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The Good Carbs Cookbook (by Alan Barclay, Kate McGhie and Philippa Sandall) published by Murdoch Books helps you choose the best fruits, vegetables, beans, peas, lentils, seeds, nuts and grains and explains how to use them in 100 refreshingly nourishing recipes to enjoy every day, for breakfast, brunch, lunch, dinner and dessert. The recipes are easy to prepare, (mostly) quick to cook, long in flavour and full of sustaining goodness, so you feel fuller for longer. There is a nutritional analysis for each recipe and tips and helpful hints for the novice, nervous, curious or time-starved cook.


Every ingredient in this lively salad says Italy. Red-fleshed blood oranges were developed in Sicily, while subtle, aniseedy fennel is everywhere in Italy. Fregola is a type of Sardinian pasta, not dissimilar to couscous. During processing, the durum wheat flour is mixed with water, rolled into tiny pebbles, sundried and roasted giving it a rustic quality. The flavour is improved if the fregola is cooked in a flavoursome stock. It should take no more than 10–12 minutes of cooking to be al dente. You can substitute with Israeli (pearl) couscous or orzo if you wish. Preparation time: 25 minutes •Cooking time: 12 minutes • Serves: 6


2 cups fregola
4 blood oranges
4 flat anchovy fillets, drained
1 garlic clove, peeled
½ teaspoon chilli flakes
3 tablespoons lemon juice
3 tablespoons olive oil
1 medium fennel bulb, trimmed and thinly sliced
freshly ground pepper

Bring a medium pan of salted water to the boil and add the fregola. Boil for about 15 minutes or until cooked through. Drain, refresh under cold water and set aside to drain and dry. • Slice the peel and white pith from the oranges and slice into thin rounds. Arrange in a circular pattern on a serving dish. • Mash the anchovies with the garlic and chilli flakes and then whisk in the lemon juice and oil. • Put the well-drained and cooled fregola and the fennel in a bowl, add the anchovy dressing and toss to combine all the ingredients. Pile the mixture on top of the oranges and season generously with pepper.

Per serve 
1050kJ/250 calories; 6g protein; 10g fat (includes 1.5g saturated fat; saturated : unsaturated fat ratio 0.18); 33g available carbs (includes 8.5g sugars and 24.5g starches); 4.5g fibre; 165mg sodium; 315mg potassium; sodium : potassium ratio 0.52

Anneka Manning is an author, food editor, cooking teacher, home economist, mother of two and the founder of BakeClub. With over 27 years’ experience, she specialises in teaching the ‘why’ behind the ‘how’ of baking, giving home cooks the know-how, understanding and skill to bake with confidence and success, every time. You can follow her on Twitter, Facebook or check out her website.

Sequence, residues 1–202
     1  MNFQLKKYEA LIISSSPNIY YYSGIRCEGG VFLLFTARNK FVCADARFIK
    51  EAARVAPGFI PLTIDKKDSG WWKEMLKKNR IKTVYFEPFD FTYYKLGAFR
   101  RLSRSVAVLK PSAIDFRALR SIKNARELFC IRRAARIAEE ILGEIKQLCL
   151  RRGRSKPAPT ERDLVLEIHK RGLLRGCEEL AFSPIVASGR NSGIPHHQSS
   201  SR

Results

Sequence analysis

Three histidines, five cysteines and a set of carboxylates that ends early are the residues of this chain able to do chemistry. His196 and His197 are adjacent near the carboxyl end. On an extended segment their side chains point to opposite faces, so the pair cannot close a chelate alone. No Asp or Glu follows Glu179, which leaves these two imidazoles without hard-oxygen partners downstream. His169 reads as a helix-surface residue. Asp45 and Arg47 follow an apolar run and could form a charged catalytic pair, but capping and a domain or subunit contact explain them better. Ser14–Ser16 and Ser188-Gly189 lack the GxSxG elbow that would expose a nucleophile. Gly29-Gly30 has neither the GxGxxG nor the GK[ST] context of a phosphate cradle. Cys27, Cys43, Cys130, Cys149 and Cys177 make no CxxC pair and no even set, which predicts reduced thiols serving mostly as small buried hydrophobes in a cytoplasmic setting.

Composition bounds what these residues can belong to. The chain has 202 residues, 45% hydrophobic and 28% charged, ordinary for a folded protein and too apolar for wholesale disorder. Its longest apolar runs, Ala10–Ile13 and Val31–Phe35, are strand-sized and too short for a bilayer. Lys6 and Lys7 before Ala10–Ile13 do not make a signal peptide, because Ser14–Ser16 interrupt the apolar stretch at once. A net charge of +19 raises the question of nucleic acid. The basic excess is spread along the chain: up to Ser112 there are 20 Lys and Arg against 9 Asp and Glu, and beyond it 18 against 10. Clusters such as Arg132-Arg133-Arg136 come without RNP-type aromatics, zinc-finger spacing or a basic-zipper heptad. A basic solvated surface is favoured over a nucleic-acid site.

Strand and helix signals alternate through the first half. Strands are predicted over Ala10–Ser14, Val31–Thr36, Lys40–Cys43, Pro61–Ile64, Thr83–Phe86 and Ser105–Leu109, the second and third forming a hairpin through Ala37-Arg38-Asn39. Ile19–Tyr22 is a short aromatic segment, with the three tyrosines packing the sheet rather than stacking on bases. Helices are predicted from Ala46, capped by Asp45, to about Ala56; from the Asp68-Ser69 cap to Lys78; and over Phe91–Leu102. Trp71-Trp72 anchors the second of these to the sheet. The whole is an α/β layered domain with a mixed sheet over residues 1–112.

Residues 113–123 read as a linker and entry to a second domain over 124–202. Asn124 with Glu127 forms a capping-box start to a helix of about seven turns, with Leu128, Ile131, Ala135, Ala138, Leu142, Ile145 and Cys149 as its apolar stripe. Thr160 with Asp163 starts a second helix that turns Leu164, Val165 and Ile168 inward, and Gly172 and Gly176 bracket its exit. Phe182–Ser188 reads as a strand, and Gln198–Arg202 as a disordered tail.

These gluten-free cakes are a play on the original (and wonderful) Middle Eastern orange cake from the one-and-only Claudia Roden. The ground roasted almonds give a lovely ‘toasted’ flavour but you can substitute pre-ground almond meal. To roast and grind the almonds, spread on an oven tray and place in an oven preheated to 180°C/350°F for 8-10 minutes or until aromatic. Cool on the tray before processing in a food processor until finely ground. Makes: 12 • Prep: 20 minutes (+ 30 minutes simmering and 15 minutes cooling time) • Bake: 15–18 minutes


2 large mandarins
olive oil spray, to grease
½ cup instant polenta
80g (2½oz) natural almonds, roasted, finely ground
½ tsp baking powder
3 eggs, at room temperature
¾ cup raw caster sugar
2 tsp natural vanilla essence or extract icing sugar, to dust (optional)

Put the mandarins (skin and all) in a small saucepan and cover with water. Bring to the boil and simmer for 30 minutes or until very soft when tested with a skewer. You may need to place a small saucer over the mandarins to keep them submerged. Remove from the water and set aside to cool slightly. • Meanwhile preheat the oven to 180°C (350°F). Brush a 12-hole 80ml (⅓-cup) muffin tin with the melted butter to grease. • Combine the polenta, roasted almond meal, and baking powder in a medium bowl and mix well to combine evenly. • Quarter the mandarins and remove and discard any centre core or seeds. Puree in a food processor or blender until smooth. • Put the eggs, sugar and vanilla in a medium mixing bowl and use an electric mixer with a whisk attachment to whisk until very thick and pale and a ribbon trail forms when the whisk is lifted. Add the mandarin puree and use a spatula or large metal spoon to fold in until just combined. Add the polenta mixture and fold together until evenly combined. • Divide the mixture evenly among the muffin holes (pouring the mixture from a jug or using a ladle works well). • Bake in preheated oven for 15-18 minutes or until the cakes are firm to the touch on the top and cooked when tested with a skewer. Remove from the oven and cool in the tin for 10 minutes. Use a palette knife to ease the cakes out of the tin and transfer to a wire rack. Serve warm or at room temperature dusted with a little icing sugar if you wish.

Per cake 
Energy: 560kJ/130cals; Protein 3.5g; Fat 5g (includes 1g saturated fat; saturated : unsaturated fat ratio 0. 25); Available carbohydrate 18.5g (includes 15g sugars, 3.5g starches); Fibre 1g; Sodium 40mg; Potassium 95mg; sodium to potassium ratio 0.42